I am not ready to completely abandon church-state separation but I am entirely against an alternative which leaves moral nihilism as the default position.  I'd rather take my chance on a country in which the public schools and, even more so, the media are required to teach the Golden Rule and other bases of egalitarian democracy and a decent, peaceful society than one which figures it's unconstitutional to do that.  I'd certainly rather have a religious person who believes they are to treat people, as a gay man, my beloved nieces, my African-American cousins, etc. as they would have us treat them than someone who is a safely secular moral nihilist.   Secularism is not a value except in so far as it promotes that morality, when it is used to attack it, it is mostly a solution worse than what it's supposed to prevent.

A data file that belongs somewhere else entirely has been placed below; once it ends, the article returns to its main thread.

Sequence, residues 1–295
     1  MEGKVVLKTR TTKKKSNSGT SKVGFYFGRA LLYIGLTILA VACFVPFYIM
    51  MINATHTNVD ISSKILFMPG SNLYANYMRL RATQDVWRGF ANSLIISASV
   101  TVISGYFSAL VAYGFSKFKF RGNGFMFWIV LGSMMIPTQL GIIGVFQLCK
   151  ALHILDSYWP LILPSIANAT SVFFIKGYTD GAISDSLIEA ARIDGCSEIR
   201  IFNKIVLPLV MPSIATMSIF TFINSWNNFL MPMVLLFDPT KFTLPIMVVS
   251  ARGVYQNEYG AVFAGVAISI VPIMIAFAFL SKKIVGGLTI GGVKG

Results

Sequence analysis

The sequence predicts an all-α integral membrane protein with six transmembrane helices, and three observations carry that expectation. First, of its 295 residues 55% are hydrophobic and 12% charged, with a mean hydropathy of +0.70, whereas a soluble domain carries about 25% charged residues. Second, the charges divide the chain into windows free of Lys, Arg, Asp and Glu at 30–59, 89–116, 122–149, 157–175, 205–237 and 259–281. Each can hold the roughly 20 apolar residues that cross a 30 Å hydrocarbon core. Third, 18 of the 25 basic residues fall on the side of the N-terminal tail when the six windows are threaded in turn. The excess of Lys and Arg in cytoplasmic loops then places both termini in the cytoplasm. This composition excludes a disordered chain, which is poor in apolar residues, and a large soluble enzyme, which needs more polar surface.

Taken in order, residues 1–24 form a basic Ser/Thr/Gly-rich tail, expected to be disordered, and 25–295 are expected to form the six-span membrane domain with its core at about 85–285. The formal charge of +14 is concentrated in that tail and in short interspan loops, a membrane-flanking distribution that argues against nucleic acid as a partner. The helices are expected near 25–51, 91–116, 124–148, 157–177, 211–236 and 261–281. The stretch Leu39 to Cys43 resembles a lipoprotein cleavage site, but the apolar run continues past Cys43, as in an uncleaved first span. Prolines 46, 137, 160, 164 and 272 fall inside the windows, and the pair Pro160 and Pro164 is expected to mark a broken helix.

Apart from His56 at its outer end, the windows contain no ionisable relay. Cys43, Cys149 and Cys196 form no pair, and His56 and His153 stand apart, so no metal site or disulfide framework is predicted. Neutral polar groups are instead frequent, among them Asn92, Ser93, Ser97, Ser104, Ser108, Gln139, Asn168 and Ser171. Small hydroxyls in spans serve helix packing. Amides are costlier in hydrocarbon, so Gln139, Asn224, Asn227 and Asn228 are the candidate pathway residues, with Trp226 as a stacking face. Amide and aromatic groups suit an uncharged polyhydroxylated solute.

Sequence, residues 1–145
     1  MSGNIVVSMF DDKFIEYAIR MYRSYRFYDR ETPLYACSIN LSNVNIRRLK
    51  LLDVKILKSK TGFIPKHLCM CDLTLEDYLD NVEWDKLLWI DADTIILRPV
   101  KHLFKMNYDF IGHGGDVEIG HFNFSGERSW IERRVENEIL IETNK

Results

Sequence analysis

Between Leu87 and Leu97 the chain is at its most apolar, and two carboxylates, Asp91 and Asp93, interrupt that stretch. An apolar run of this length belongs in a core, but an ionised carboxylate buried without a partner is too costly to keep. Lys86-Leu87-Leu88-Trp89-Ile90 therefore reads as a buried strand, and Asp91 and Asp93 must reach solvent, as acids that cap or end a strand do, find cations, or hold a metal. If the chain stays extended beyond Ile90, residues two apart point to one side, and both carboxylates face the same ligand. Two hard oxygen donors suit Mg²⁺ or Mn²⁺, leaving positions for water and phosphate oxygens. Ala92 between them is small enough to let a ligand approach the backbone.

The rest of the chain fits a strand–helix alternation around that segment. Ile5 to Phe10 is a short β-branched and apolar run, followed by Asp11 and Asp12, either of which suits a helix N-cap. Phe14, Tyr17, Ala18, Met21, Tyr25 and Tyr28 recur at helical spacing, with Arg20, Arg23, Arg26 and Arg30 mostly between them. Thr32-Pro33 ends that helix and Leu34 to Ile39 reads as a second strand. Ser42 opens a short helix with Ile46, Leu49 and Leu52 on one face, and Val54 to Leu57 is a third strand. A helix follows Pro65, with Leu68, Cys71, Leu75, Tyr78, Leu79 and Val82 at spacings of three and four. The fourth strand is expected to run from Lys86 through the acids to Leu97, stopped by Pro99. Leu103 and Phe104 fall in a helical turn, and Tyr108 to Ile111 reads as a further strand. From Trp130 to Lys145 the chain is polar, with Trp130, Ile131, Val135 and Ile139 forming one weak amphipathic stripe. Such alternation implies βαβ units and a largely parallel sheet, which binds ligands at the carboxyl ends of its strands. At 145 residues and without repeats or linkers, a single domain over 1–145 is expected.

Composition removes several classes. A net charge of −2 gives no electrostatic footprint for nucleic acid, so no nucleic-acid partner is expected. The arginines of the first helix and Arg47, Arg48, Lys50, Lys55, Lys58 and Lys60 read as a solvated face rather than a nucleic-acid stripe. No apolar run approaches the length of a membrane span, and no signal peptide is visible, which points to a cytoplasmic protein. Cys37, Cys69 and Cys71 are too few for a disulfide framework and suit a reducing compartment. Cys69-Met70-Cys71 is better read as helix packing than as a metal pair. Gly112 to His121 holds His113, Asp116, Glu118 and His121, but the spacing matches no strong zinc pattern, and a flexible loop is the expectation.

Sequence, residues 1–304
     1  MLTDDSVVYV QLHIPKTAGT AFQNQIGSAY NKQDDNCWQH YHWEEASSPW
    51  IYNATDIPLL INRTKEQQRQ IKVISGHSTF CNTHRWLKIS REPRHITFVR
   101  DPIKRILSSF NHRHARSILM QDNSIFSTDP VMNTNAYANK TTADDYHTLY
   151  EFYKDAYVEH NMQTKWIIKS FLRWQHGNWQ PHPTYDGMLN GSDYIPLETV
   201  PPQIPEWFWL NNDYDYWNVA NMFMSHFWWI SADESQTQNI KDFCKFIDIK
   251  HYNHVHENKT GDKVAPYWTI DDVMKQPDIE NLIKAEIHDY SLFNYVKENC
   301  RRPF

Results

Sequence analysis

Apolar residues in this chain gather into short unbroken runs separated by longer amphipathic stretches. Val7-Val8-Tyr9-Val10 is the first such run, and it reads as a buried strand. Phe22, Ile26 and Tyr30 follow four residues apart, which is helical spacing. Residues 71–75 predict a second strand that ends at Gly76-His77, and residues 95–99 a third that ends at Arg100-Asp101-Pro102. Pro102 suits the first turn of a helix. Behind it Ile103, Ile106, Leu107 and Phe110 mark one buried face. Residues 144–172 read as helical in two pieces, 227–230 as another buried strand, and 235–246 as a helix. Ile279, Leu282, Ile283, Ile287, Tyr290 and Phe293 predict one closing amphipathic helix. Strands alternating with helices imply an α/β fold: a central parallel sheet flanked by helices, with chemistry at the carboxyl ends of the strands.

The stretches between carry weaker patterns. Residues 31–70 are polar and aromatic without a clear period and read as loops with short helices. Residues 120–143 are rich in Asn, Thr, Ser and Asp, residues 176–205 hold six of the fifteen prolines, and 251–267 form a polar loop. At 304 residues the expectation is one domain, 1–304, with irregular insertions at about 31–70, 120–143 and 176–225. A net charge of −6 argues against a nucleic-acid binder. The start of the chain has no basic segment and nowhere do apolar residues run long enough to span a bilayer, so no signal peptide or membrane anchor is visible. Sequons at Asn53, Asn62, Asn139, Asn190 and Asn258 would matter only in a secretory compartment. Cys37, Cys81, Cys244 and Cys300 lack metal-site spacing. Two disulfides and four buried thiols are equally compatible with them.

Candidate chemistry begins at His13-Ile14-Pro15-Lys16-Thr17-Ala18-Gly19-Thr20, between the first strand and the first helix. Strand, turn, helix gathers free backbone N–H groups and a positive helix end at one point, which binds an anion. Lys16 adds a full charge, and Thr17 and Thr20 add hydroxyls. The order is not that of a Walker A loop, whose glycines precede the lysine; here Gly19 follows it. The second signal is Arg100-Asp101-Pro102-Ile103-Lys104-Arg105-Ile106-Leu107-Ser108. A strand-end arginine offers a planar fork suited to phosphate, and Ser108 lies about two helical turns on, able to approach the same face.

1 comment:

  1. " Rape culture, white supremacy, and a myriad of other malignancies have been a direct result of the program to not only exclude morality but to attack it in order to appeal to the basest parts of our personality and the culture which we comprise."

    And yet, amazingly enough, our beloved country didn't start going to hell until they added the words "under God" to the Pledge of Allegiance in 1954.